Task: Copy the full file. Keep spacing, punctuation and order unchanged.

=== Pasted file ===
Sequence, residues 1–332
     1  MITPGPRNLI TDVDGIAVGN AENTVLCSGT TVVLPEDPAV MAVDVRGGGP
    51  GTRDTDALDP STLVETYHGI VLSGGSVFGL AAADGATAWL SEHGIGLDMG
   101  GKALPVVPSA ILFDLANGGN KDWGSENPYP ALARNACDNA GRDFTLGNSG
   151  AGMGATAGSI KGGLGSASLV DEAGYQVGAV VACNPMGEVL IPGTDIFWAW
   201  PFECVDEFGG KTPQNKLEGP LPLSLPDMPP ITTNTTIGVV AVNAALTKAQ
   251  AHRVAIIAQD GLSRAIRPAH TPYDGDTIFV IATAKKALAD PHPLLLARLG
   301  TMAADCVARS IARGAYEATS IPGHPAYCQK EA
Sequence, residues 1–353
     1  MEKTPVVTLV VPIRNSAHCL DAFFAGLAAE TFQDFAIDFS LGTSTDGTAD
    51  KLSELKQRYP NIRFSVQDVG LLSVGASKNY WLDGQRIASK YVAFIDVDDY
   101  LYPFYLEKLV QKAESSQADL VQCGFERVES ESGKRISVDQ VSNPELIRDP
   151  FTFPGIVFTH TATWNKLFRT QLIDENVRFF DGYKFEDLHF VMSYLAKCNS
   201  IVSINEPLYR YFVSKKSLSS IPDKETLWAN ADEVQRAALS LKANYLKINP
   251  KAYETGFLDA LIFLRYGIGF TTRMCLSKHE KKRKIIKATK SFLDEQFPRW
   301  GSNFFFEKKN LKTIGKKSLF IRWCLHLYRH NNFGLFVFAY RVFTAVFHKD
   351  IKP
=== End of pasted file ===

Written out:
Sequence, residues 1–332
     1  MITPGPRNLI TDVDGIAVGN AENTVLCSGT TVVLPEDPAV MAVDVRGGGP
    51  GTRDTDALDP STLVETYHGI VLSGGSVFGL AAADGATAWL SEHGIGLDMG
   101  GKALPVVPSA ILFDLANGGN KDWGSENPYP ALARNACDNA GRDFTLGNSG
   151  AGMGATAGSI KGGLGSASLV DEAGYQVGAV VACNPMGEVL IPGTDIFWAW
   201  PFECVDEFGG KTPQNKLEGP LPLSLPDMPP ITTNTTIGVV AVNAALTKAQ
   251  AHRVAIIAQD GLSRAIRPAH TPYDGDTIFV IATAKKALAD PHPLLLARLG
   301  TMAADCVARS IARGAYEATS IPGHPAYCQK EA
Sequence, residues 1–353
     1  MEKTPVVTLV VPIRNSAHCL DAFFAGLAAE TFQDFAIDFS LGTSTDGTAD
    51  KLSELKQRYP NIRFSVQDVG LLSVGASKNY WLDGQRIASK YVAFIDVDDY
   101  LYPFYLEKLV QKAESSQADL VQCGFERVES ESGKRISVDQ VSNPELIRDP
   151  FTFPGIVFTH TATWNKLFRT QLIDENVRFF DGYKFEDLHF VMSYLAKCNS
   201  IVSINEPLYR YFVSKKSLSS IPDKETLWAN ADEVQRAALS LKANYLKINP
   251  KAYETGFLDA LIFLRYGIGF TTRMCLSKHE KKRKIIKATK SFLDEQFPRW
   301  GSNFFFEKKN LKTIGKKSLF IRWCLHLYRH NNFGLFVFAY RVFTAVFHKD
   351  IKP